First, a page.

Despite bringing back almost everyone from previous books, the writing glides right through it, assuming (correctly) we won’t remember three-quarters of everyone here. There are also some students, who haven’t gotten anything to do in nearly six books, who get to briefly shine in the spotlight, which is nice to see. Certainly nicer than seeing Kouki – again – side with the villains. Now, much of this is Eri mind-controlling him, but I’m sorry, I just cannot work up any sympathy for him by now. I can’t see him dying, particularly given there’s three different people still trying to snap him out of it, but wow, I absolutely do not care if they succeed or not. And Tio gets another good character building book, with a side story of her own, and it shows off the super-powerful lonely princess equally with the anal pleasure-obsessed pervert.

The novels are still quite popular, and I suspect once the main series is finished the “After Story”, which is still being written to this day on the web, will be put out officially in Japan. That said, for the moment, this is the big lead up to the finale next book, and contains most of the good things about the series, as well as a few of the bad. Fans should enjoy it.

Arifureta Zero, Vol. 4

By Ryo Shirakome and Takaya-ki. Released in Japan as “Arifureta Shokugyou de Sekai Saikyou Rei” by Overlap Bunko. Released in North America digitally by J-Novel Club. Translated by Ningen.

I do sometimes worry that the author of the Arifureta series has forgotten why we’re reading it in the first place. In regards to the original series, it’s to see Hajime’s ludicrous overpowered antics and the wacky banter between him and his companions, and with Zero it’s the exact same thing only it’s Miledi. The main series has more harem romance to it than Zero, which seems content to tease only Oscar and Miledi and not have it go further, but, well, romance isn’t why I read it, at least. And, in regards to this volume of Zero, while I can appreciate the author writing some really cool battle scenes because he enjoys it, with lots of the bad guys and good guys bringing out increasingly ludicrous powers, fight scenes are not why I read Arifureta either. Sadly, that makes this volume a big ol’ slog, as a good eighty percent of it is battles.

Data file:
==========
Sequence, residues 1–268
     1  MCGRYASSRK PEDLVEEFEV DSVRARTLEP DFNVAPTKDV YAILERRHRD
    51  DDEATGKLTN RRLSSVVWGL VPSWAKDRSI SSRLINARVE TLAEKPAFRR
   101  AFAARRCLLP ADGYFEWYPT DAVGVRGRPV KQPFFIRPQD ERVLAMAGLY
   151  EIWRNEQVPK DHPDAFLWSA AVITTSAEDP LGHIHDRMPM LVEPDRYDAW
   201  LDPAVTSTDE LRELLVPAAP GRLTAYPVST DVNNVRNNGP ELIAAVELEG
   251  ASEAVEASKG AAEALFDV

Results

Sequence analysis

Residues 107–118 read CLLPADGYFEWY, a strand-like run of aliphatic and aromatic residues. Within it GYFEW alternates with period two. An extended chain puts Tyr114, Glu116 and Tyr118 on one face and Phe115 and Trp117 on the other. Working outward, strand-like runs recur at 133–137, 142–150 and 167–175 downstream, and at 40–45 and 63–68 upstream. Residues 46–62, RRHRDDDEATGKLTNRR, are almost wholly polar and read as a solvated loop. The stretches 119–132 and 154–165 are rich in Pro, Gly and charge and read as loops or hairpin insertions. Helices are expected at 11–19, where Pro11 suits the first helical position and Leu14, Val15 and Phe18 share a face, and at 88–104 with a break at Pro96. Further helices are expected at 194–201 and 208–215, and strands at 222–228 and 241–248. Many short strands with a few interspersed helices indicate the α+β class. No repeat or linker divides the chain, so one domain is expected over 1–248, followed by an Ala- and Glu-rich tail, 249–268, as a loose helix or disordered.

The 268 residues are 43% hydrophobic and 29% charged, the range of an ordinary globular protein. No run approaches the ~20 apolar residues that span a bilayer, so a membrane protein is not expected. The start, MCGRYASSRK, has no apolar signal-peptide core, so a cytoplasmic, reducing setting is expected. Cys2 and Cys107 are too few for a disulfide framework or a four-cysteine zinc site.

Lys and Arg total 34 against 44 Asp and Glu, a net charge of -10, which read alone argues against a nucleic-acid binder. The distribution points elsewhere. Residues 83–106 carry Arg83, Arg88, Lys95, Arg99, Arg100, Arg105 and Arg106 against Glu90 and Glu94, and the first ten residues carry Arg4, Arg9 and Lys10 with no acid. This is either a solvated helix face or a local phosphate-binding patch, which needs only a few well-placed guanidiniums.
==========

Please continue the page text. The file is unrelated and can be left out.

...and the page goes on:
We head into the forest that we’ve seen in Arifureta’s 2nd volume, home of the Beastmen, and here (at least at the start) at the height of its powers. Well, half the group are here. Things have gotten dangerous enough that Miledi’s Angels split up at this point, with Oscar and Vandre helping to settle everyone from the last book, while Miledi and the others head to the forest, there to meet their next potential Liberator, and also try to stop the battle, as the Church has gotten there first. Speaking of the Church, Laus is continuing to have doubts over what they’re actually doing, and things are not helped by the Church’s religious fervor taking on more and more aspects of brainwashing. Can he continue to fight for something he doesn’t believe in any more? Or should be change sides and joining the Liberators.

I will admit, which I said that I wanted more wacky antics and less fights, when we DO get wacky antics, I’m not sure they’re the ones I wanted. Lyutillus is the Elven Queen of the forest… and also a masochist. The author admits she’s meant to be a mirror to Tio in the main series, and given Tio is my least favorite of the girls in that, I wasn’t really going to be enjoying this. Better was Miledi’s usual stuff – when she’s deliberately trying to be annoying to distract the mood, it’s fantastic, and her confrontation with Laus towards the start of the book was absolutely hilarious. Laus, in fact, is the best thing about this book, as his loss of faith is very well handled. I’ve long since come to terms with the fact that the gods are villains in this world, therefore the fact that everyone in the Church tends towards being a monster is hardly a surprise. I am quite interested in seeing how this switching sides works out going forward.

…I say that, but we know how this is going to end – the main cast all dead (bar Miledi’s soul) and branded as heretics. The bad guys win is the premise of this. But we’ve still no idea how long it’s going to be, and I’m happy to see it play out. As long as it’s not just fights. Or creepy sexual gags. Sigh. Not gonna have much luck there, am I?